In order to test the NODDI-SH model in-vivo we considered one subject of the HCP diffusion MRI dataset. HCP acquisition scheme is composed of 18 volumes sampled at b-value 0 s/mm, plus 90 volumes at b-value 1000, 2000, and 3000 s/mm, for a total of 288 volumes. Each of the 270 volumes which composed the three shell are acquired using an unique gradient direction. HCP pulse separation time ms and pulse width ms corresponding to an effective diffusion time ms. Each volume consists of voxels with a resolution of 1.25mm.

HCP scheme was created using an incrementally optimal sampling [35]. This means that considering only the first samples, still provides an almost optimal angular coverage. This property was exploited for reducing the number of q-samples as detailed in Section 3.3. In particular, two subsets of and samples per shell were considered and the corresponding signal was compared to that obtained using the fully sampled data ( samples). In the same section, we also considered the case where only the first two shells with b-value 1000 and 2000 s/mm are provided to the model. The results of the NODDI-SH fitting were evaluated by calculating the mean square error (MSE) between the original HCP signal and the NODDI-SH signal for all the samples, also those which were not used for the fitting.

3 Results

3.1 Results of simulated data

Figure 3: Estimation of the intracellular volume fraction of the simulated data for NODDI-SH (top row) and NODDI (bottom row) in the case of isotropic fanning () and anisotropic fanning.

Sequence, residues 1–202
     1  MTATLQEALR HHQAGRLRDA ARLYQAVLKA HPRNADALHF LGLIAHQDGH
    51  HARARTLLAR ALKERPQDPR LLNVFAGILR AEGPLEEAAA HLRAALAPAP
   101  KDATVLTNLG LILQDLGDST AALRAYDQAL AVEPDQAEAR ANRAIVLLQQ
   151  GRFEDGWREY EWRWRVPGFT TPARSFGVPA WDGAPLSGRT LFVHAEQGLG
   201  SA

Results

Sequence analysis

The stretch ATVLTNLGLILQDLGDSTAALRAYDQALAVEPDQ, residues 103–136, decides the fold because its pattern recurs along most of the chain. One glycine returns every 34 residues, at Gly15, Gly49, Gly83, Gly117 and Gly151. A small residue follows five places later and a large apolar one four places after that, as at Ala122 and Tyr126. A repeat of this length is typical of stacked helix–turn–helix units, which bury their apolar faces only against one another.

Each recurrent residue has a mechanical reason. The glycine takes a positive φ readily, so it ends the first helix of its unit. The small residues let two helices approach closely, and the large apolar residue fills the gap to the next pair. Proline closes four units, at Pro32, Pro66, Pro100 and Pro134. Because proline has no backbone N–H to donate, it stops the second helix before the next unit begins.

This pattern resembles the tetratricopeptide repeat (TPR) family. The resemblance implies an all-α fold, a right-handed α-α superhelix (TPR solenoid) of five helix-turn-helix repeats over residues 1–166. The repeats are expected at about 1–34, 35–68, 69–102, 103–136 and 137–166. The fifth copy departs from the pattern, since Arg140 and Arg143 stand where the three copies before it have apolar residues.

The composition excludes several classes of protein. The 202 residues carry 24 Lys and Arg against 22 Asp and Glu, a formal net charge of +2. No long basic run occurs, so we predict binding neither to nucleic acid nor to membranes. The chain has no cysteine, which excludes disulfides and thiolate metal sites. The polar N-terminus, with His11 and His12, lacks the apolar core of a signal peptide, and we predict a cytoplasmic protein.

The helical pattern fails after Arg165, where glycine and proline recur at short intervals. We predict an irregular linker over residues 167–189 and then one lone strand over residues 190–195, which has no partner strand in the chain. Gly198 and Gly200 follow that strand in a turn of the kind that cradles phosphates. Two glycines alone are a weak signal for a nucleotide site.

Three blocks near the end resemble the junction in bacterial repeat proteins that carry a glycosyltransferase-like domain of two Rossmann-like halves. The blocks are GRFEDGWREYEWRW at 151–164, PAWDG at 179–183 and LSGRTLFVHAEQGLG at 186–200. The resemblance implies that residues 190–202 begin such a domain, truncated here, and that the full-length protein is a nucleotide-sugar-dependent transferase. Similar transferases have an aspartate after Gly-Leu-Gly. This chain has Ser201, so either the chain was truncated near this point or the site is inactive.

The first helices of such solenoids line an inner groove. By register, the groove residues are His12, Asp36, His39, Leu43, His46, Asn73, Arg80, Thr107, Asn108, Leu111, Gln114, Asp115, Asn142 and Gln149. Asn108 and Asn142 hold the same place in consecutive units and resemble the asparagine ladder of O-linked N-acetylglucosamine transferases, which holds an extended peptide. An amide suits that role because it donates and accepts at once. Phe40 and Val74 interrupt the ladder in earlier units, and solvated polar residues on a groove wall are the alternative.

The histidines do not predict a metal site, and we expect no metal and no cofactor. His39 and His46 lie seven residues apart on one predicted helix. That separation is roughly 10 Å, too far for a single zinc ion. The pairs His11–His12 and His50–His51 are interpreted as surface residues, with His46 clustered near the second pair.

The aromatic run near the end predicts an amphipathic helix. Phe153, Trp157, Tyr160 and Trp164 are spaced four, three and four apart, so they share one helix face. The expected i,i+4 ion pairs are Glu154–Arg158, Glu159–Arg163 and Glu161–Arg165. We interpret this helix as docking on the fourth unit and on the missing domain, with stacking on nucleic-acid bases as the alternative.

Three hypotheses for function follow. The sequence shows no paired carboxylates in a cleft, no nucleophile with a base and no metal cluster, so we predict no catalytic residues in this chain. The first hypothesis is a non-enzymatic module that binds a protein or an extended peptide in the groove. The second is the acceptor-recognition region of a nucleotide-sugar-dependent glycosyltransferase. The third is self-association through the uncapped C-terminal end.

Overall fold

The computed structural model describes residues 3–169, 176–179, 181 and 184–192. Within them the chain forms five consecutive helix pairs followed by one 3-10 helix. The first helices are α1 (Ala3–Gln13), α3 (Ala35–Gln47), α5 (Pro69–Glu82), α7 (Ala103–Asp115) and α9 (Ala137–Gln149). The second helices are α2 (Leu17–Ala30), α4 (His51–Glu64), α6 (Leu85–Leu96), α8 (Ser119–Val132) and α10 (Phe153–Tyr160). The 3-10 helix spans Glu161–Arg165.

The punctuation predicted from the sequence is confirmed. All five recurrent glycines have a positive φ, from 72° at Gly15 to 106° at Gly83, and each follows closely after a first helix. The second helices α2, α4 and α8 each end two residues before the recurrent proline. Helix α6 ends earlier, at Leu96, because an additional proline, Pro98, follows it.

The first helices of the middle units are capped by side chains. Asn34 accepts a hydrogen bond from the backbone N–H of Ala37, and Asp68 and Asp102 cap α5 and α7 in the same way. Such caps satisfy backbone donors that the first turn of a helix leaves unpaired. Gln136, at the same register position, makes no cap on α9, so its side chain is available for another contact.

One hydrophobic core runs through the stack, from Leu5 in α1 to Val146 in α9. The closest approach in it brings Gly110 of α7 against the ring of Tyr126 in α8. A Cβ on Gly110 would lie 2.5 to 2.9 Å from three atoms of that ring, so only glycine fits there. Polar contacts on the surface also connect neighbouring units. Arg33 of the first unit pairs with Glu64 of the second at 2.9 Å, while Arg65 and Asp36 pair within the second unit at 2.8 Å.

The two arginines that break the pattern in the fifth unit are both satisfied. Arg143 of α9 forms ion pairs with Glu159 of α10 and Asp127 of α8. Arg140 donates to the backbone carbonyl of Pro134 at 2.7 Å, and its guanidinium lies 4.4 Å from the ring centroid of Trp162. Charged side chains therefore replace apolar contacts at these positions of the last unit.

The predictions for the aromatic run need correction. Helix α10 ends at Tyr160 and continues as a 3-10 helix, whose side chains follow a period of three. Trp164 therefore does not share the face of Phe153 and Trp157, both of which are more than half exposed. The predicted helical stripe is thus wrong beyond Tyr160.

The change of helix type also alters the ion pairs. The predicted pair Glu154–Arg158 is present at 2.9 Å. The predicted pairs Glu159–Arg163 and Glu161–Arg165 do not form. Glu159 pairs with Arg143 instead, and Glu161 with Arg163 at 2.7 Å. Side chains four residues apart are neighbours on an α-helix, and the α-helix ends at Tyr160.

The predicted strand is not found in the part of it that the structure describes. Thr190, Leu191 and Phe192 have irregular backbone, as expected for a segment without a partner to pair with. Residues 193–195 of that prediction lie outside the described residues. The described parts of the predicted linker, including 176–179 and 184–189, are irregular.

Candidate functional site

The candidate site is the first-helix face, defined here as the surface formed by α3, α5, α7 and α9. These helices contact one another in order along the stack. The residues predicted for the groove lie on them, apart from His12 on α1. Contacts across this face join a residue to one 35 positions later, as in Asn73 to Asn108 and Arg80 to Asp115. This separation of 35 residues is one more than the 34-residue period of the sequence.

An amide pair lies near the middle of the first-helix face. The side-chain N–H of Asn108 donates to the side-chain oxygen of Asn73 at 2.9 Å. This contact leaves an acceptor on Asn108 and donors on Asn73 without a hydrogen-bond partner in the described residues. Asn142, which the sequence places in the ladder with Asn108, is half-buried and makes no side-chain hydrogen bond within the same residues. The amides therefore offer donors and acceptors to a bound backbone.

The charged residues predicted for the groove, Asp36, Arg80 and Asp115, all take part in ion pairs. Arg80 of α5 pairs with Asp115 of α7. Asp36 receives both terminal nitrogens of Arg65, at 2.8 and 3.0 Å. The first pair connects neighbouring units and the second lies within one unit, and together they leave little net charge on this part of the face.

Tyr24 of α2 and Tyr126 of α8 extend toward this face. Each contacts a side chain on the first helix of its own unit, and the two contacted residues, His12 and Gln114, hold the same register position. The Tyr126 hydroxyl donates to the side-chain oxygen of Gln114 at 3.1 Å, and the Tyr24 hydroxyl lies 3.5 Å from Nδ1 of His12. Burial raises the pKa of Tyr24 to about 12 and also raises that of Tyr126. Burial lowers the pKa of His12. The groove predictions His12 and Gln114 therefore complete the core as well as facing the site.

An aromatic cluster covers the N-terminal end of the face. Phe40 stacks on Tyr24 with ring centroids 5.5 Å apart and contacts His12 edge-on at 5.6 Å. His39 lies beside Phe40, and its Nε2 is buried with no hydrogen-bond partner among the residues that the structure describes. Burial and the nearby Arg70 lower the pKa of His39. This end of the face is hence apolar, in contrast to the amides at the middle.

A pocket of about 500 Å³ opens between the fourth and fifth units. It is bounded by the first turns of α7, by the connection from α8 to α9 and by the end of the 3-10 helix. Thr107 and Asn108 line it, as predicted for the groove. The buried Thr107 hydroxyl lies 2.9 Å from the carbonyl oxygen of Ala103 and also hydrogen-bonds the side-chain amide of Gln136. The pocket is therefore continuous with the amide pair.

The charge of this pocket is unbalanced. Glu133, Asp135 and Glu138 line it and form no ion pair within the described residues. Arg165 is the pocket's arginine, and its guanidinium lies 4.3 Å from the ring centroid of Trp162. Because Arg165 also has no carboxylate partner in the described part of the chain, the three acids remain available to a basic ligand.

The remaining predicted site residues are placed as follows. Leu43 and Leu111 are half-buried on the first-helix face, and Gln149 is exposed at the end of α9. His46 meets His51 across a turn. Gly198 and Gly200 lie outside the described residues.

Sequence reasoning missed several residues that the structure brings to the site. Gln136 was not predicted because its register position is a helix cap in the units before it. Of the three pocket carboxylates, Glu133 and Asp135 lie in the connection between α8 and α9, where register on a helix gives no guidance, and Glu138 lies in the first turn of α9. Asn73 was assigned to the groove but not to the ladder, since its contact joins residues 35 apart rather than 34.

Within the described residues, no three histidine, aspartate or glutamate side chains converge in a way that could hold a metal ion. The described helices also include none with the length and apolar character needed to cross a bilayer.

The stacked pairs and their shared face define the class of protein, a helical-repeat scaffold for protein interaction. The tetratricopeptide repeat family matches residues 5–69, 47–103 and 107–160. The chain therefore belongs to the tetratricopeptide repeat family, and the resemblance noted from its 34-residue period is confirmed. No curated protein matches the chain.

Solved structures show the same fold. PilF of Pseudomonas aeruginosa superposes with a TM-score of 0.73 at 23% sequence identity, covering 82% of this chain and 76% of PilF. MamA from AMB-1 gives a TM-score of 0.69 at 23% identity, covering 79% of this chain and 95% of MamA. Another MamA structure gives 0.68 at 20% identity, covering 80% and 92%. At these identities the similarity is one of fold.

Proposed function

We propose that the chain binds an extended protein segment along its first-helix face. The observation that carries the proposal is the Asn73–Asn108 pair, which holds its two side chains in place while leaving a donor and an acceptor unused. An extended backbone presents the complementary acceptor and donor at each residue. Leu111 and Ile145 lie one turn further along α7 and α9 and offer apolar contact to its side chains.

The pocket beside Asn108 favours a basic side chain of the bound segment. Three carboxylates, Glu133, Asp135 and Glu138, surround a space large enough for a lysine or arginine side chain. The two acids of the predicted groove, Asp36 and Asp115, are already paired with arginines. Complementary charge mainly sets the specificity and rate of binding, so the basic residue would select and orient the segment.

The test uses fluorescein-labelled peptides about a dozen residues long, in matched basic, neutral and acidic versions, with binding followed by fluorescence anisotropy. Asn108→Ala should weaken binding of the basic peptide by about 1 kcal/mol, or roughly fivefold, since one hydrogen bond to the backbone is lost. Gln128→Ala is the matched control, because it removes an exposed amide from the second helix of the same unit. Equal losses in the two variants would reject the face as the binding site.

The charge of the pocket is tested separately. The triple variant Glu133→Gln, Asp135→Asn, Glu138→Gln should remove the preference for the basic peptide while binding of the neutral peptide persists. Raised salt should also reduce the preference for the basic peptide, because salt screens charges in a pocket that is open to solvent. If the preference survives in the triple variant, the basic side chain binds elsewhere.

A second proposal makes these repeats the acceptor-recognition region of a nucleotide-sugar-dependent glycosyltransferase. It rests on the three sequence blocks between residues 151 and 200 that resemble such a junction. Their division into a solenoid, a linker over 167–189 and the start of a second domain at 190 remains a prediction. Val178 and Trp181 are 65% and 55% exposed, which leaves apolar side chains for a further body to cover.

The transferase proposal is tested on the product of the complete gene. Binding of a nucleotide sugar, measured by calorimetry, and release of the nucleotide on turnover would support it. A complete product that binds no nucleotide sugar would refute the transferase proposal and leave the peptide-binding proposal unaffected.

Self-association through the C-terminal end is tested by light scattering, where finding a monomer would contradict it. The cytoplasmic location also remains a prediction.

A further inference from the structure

Figure 3 (left column) shows the estimation of the intracellular volume fraction for NODDI-SH and NODDI in the case of isotropic dispersion (), compared to the ground truth (GT) values (black circles). NODDI-SH is able to provide the most accurate estimation of in case of highly dispersed fibers (), while NODDI in case of . For NODDI-SH, the estimation error increases while decreasing the dispersion ( and ). Both models tend to slightly overestimate in all conditions. The average errors for NODDI-SH are 3.4, 3.1, and 1.6 for , , and respectively. The same errors for NODDI are 3.4, 2.2, and 3.7. The standard deviation (plus sign in the graphs) of NODDI is slightly lower than NODDI-SH, with an average standard deviation of 2.1 and 2.7 for NODDI and SHADOW, respectively. In case of anisotropic dispersion (Figure 3, right column) NODDI-SH estimation is closer to the GT value with respect to the case of isotropic dispersion. NODDI model provides better estimation of for , but progressively underestimates the intracellular volume fraction as the anisotropy of the dispersion decreases. NODDI-SH, on the contrary, presents an inverse pattern with its best estimation for case, while the largest error is reached for . The average errors for the , , and are respectively 2.8, 2.2, and 1.5 for NODDI-SH and 2.6, 3.3, and 3.8 for NODDI. The average standard deviations in this case are 1.8 and 2.5 for NODDI and NODDI-SH, respectively.

Figure 4: Estimation of the intracellular volume fraction of the simulated data for NODDI-SH (left) and NODDI (right) in the case of crossing fibers.

Figure 4 shows the estimation of for the crossing fibers dataset. In this case, the estimation errors of both, NODDI-SH and NODDI, increase with respect to the fiber fanning dataset. Although estimating the intracellular volume fraction for crossing fibers represents a more difficult task with respect to the single fiber case, NODDI-SH estimation results slightly more accurate with respect to NODDI. In this dataset, average errors across crossing angles are 7.58 and 6.24 for NODDI and NODDI-SH, respectively. The amplitude of the crossing angle does not seem to have an impact on the estimation for both models. The average standard deviations in the crossing fiber case are 2.8 and 3.9 for NODDI and NODDI-SH, respectively.